Novell fleshed out its commitment to open platform computing - and played down the significance of SCO's Linux lawsuit - at BrainShare in Barcelona today.
Driving the adoption of Linux in the enterprise is central to its plans to return to profit while reaffirming its commitment to maintain support for its own NetWare operating system, the company says.
Jack Messman, chairman and chief executive of Novell, (repeatedly) told delegates "we are not abandoning NetWare, we are adding Linux. It's all about choice for the customer."
"We believe in heterogeneous systems because its too expensive to rip and replace," he added.
At the conference, Novell executives pointed to the "traction of Linux in Europe" - particularly in the government and financial services markets - as reasons for optimism about a quick return to profitability.
Last month Novell offloaded one in 10 workers after announcing disappointing Q3 revenues. Messman said that the job cuts would "not undermine Novell's ability to execute" and predicted a return to profitability in Q4 2004. He characterised the company's restructuring programme as a kind of blessing in disguise because itenable Novell to change its skills-set to better suit business objectives.
Messman believes the growth of the Linux market is unlikely to be affected by SCO's controversial licensing claims, which he expects will ultimately fail.
"The SCO lawsuit puts a little cloud on the horizon, but most companies are going ahead with Linux in any case," Messman told The Register. "There's a compelling economic argument for open source. There's cost benefits in reduced licensing fees even if they [SCO] win, which we doubt.
"We don't believe it [SCO's lawsuit] will be successful," he added.
Messman praised the open source development model which he said would ultimately lead to lower costs, whilst allowing firms like Novell to release commercial products that add value "higher up the stack".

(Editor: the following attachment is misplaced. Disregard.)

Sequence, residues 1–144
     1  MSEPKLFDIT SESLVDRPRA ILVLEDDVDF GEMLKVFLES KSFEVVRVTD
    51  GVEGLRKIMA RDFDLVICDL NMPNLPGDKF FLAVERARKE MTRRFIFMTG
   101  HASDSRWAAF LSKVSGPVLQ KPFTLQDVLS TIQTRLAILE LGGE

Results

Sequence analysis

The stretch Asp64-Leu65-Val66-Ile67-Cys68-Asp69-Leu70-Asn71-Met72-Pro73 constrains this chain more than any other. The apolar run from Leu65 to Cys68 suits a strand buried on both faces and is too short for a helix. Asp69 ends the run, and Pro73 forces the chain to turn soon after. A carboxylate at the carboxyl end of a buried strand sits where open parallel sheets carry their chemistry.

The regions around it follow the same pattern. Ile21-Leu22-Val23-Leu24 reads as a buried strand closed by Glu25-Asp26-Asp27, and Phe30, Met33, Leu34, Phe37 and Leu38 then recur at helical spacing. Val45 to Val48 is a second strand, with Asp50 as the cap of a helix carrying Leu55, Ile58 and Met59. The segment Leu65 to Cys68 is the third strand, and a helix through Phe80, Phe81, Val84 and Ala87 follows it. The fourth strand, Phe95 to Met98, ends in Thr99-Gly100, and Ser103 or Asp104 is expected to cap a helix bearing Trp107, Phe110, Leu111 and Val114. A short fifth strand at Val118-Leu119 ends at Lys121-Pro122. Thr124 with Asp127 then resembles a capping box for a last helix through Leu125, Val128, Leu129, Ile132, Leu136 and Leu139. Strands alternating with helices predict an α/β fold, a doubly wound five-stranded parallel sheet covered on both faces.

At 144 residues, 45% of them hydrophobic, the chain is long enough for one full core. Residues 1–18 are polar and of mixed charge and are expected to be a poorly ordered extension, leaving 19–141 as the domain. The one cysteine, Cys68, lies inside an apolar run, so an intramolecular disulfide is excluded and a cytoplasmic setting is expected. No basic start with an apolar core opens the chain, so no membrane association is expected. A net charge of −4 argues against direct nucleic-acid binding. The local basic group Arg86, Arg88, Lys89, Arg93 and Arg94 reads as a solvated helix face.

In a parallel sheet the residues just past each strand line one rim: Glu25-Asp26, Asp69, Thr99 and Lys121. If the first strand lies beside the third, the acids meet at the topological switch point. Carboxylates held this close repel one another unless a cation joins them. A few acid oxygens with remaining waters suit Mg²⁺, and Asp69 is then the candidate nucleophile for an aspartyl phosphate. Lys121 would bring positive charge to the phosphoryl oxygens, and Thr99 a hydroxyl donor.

"We're putting our entire ecosystem behind Linux," said.
Open source flora and fauna
At Brainshare today, Novell put down some markers for its Linux development roadmap.
Novell announced beta testing Novell Nterprise Linux Services, a bundle of file, print, messaging, directory and management services for Linux from the middle of next month. Nterprise Linux Services 1.0, due later this year, will include management services from Ximian Red Carpet, following Novell's recent acquisition of the open source developer.
The company also announced the open beta availability in early October of Novell Nterprise Branch Office 2, which is designed to make it easier for organisations to roll out network services to their branch offices securely and inexpensively.
With application developers in mind, Novell pointed towards the forthcoming beta (scheduled for early October) of its exteNd 5 Web services development environment.
An updated version of the vendor's identity management technology - Novell Nsure SecureLogin 3.5 - is pencilled in for an October 17 launch. Nsure SecureLogin 3.5 allows single sign-on across multiple platforms and the Web, helping to ease password management headaches.
"It's time to throw away the post-in notes," commented Chris Stone, Novell's vice chairman, referring to the insecure practice of workers writing hard-to-remember multiple passwords on notes affixed to their PCs. ®
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